- capability for suicide—the accessibility to lethal means, increases the desirability for suicide.6
The study of suicide is interdisciplinary and has an extensive philosophical history. However, the magnitude of theory has provided a European, patriarchal lens that centers Whiteness as the default subject. While suicide has been considered a White male problem, the patterns we currently observe stress the importance of integrating the “other”. While we understand that racial/ethnic differences are not attributable to psychological or cognitive differences, social and cultural differences may impact a client’s suicidality.
There is limited literature/research on the phenomenon of African American suicidality. However, suicide research is beginning to be diversified due to the growing attention to Black youth suicide centralized by Black researchers, lawmakers, and mental health professionals.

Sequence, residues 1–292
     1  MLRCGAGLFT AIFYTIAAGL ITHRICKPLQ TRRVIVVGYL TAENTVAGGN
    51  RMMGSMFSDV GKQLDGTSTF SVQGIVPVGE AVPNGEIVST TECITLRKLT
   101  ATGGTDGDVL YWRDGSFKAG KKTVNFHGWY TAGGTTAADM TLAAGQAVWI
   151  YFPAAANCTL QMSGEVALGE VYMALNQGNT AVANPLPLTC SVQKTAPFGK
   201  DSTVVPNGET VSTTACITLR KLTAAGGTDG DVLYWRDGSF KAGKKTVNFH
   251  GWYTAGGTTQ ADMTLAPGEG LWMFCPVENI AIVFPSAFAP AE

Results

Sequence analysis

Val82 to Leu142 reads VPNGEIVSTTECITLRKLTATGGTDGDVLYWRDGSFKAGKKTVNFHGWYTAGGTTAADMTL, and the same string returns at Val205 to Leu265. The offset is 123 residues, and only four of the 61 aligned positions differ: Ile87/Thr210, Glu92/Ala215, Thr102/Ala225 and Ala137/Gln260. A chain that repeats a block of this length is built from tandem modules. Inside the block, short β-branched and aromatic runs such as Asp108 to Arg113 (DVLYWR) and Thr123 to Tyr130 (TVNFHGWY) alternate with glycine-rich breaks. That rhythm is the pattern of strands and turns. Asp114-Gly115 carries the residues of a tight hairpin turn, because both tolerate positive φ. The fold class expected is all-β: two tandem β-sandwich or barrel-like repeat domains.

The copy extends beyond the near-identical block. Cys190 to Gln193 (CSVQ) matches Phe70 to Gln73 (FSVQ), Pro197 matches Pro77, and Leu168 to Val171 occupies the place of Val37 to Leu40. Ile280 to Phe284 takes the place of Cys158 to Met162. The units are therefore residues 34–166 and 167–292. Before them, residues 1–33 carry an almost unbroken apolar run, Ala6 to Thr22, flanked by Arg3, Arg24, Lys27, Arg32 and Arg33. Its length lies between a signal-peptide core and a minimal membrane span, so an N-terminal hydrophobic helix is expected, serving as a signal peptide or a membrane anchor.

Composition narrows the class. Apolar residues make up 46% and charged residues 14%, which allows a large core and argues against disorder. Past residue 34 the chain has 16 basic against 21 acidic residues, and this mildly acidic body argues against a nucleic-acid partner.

Another factor in the discrepancies of suicidal research among Black participants is the communal distrust of the mental health field. African Americans, and other minority groups, have historically been subject to unethical, inhumane experiments ranging from scientific racism that naturalizes the inferiority of Black people to forced sterilization. 7,8 In the current state, it is comprehensible and valid that these communities may hesitate to participate in modern research.
Suicide research has contributed to the marginalization of suicidal Black clients by neglecting to examine the complex and unique social/cultural factors that impact Black people experiences. In addition, minorities might be hesitant to participant in studies due to the historical centering of racism within mental health.9
In addressing these concerns, here are a few things to keep in mind when conducting research:
- Re-valuate the Research Question.
If your objective is to study a diverse sample, check that the research question(s) reflects that purpose.
- Expand Recruitment Techniques.